“When you think back to the start of the season and he got injured on the tour [of USA and Japan] didn’t he? He played in the pre-season game against Bath at 10 [came on at half time] and got injured in that, picked up a calf injury so the first two games he could have played at 10 he was injured for.

“Then we obviously we go to South Africa and we’ve lost Rob Kearney through injury at that point.

“My view on it is, as I said the other day, he reminds me a lot about Beauden Barrett and how he developed as a player. He was a 15 who has evolved into a 10 and I think that’s what will happen with Joey.”

Even in the 18 months Lancaster has been at the province, Carbery has developed immeasurably.

“He’s definitely physically grown since I’ve met him. I think he played his first game at 10 in the first game last season against Treviso — he scored two tries — and I arrived that week.

“When I looked at him when I first arrived. I remember looking at him, thinking, ‘this guy isn’t that big physically.’ He had a great pre-season and, physically, he is equipped to play international rugby.

“He was just unlucky at the weekend that he met with a big Fijian.”

There is still room in the modern game for the diminutive playmaker to weave their magic and pull the strings.

“His game has developed. There is no doubt that, to be a complete 10, you’ve got to be able to play the all-court attacking game.

“You’ve got to be able to play territory and field position. You have to have the basics top-class. Your defence, your goal-kicking, kicking for the line, all of that. In every area, he has improved.

Joey Carbery Pulling the strings: Carbery's November series has been ended prematurely through injury. Source: Bryan Keane/INPHO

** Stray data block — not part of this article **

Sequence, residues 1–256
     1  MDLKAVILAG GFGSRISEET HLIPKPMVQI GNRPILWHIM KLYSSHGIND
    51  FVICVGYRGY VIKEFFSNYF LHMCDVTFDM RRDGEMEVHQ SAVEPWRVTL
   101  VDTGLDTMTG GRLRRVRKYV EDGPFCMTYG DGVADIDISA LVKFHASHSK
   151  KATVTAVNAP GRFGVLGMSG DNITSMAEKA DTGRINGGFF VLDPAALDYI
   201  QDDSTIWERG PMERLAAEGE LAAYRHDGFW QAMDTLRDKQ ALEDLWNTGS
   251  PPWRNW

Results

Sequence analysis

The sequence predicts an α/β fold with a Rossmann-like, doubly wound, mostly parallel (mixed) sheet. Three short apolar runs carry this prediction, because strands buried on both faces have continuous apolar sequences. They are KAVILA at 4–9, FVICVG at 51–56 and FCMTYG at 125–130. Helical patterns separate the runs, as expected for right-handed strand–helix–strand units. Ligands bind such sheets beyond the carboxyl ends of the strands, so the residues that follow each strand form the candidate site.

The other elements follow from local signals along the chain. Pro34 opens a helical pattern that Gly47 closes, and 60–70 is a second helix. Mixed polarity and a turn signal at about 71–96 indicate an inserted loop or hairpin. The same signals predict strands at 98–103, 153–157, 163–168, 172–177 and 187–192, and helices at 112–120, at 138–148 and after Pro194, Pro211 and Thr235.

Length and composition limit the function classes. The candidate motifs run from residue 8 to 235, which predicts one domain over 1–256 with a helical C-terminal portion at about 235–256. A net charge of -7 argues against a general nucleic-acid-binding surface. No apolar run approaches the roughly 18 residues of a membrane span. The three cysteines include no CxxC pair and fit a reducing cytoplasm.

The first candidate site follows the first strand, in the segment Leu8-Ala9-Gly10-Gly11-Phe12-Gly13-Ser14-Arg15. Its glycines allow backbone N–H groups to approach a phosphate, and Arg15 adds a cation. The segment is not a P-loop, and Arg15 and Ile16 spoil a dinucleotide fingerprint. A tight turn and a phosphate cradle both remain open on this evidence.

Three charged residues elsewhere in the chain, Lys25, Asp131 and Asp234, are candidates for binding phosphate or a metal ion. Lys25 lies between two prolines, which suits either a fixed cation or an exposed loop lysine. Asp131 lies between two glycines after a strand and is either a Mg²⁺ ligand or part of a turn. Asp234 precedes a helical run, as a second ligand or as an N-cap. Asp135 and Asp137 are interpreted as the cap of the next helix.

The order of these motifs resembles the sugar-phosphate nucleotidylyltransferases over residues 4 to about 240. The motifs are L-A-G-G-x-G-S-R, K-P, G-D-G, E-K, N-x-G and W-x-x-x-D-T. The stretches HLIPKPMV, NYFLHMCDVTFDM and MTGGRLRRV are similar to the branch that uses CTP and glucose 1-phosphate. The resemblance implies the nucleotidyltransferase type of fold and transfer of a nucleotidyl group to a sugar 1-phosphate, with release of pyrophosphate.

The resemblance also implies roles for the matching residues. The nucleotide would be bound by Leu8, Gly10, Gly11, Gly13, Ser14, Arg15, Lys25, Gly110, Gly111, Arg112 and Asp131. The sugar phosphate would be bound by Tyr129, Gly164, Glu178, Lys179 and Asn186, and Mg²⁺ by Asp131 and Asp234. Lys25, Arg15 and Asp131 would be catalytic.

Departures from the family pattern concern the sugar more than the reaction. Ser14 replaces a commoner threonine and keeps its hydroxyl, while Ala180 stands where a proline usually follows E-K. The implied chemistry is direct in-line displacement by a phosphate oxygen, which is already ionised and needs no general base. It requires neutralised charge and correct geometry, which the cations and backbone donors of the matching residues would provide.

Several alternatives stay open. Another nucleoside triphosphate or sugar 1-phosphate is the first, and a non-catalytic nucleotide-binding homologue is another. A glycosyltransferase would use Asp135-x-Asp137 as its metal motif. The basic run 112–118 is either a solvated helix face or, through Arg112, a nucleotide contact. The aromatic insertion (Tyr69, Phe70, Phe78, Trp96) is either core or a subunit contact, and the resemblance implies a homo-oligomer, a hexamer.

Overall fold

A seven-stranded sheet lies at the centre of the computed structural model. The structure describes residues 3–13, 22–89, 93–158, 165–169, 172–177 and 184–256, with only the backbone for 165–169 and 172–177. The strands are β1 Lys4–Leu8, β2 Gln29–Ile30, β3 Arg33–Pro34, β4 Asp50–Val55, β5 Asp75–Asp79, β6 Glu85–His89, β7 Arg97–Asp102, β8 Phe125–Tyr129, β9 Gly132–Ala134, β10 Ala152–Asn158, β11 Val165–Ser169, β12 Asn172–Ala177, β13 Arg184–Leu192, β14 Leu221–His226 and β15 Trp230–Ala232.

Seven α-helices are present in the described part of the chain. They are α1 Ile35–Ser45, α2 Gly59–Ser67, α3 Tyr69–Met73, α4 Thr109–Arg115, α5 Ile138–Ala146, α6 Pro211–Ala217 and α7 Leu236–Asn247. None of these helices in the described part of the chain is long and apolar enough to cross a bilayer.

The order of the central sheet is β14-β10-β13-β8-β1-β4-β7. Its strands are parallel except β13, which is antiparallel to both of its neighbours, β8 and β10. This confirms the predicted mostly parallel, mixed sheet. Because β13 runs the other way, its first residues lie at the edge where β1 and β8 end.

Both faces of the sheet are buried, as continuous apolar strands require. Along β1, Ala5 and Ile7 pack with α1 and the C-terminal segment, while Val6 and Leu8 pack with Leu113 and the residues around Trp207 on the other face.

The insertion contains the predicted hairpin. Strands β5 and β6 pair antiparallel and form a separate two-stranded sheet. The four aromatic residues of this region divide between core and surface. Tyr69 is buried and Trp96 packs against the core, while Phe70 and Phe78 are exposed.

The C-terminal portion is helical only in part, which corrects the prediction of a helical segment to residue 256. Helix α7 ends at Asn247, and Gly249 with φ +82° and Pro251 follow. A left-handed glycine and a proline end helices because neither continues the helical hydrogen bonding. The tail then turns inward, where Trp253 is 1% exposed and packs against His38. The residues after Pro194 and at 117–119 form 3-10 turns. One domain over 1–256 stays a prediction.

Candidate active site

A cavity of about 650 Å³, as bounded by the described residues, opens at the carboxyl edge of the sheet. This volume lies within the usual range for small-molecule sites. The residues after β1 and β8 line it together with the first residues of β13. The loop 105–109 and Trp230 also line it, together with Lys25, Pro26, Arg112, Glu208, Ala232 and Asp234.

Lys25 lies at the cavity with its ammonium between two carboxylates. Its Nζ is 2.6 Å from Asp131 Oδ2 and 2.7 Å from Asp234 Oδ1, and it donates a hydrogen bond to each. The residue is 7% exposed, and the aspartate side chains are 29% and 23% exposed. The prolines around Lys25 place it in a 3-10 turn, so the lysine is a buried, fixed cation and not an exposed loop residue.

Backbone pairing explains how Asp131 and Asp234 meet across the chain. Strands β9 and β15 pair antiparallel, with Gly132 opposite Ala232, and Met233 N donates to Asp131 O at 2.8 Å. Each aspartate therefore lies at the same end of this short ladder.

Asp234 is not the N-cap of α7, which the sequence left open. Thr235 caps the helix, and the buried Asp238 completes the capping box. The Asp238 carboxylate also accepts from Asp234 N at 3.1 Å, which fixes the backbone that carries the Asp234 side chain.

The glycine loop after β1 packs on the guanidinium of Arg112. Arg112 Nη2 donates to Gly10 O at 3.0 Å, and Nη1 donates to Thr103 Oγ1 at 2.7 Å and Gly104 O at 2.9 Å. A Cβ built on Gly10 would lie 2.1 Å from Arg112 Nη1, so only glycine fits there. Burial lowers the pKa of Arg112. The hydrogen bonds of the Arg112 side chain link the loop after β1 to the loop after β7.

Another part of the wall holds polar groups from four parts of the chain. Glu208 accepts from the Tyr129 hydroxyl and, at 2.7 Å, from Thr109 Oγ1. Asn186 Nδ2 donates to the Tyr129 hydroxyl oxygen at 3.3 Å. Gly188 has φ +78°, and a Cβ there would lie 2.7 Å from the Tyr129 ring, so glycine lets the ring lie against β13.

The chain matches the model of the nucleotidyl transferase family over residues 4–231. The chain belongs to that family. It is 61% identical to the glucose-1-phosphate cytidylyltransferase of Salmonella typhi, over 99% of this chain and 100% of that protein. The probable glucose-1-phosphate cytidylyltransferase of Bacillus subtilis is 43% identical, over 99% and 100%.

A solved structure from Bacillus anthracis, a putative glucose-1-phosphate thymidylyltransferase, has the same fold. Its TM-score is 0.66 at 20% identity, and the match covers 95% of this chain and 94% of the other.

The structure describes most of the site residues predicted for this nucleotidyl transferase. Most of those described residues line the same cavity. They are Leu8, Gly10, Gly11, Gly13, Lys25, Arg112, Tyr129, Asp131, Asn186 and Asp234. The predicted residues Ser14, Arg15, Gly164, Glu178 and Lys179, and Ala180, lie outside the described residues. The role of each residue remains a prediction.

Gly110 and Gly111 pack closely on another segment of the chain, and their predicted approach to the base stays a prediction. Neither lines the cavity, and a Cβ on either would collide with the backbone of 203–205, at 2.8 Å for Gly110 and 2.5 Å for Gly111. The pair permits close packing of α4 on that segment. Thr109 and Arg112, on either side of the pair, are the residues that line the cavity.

“Like any young player, there are still areas to improve. Every time he steps on the field, he has brilliant role models to learn from whether it be Isa Nacewa or Johnny or Robbie or Garry.

“He is surrounded by great players and he is humble to learn. He is only going to get better. He’s going to be a great player for Ireland.”

But he’d have to take Johnny’s place?

“There’ll come a point when he will narrow the gap,” Lancaster continues. “But he’s narrowing the gap with probably one of the best out-halves in the world, and in my opinion at the moment Johnny is playing the best since I’ve worked with him.

“I think Johnny is at the top of his game so it’s not a bad chasing point, is it for Joey to go at? But to knock Johnny off that 10 position you’re going to have to be playing well at the moment.

“His detail, his understanding of the game, his ability to see the picture, physically he’s in good shape, he’s leading the team well. Johnny is playing as well as I’ve ever seen him, and that’s great credit to him really.”

And so the debates rages on, even when Carbery is temporarily out of the picture.

The42 has just published its first book, Behind The Lines, a collection of some of the year’s best sports stories. Pick up your copy in Eason’s, or order it here today (€10):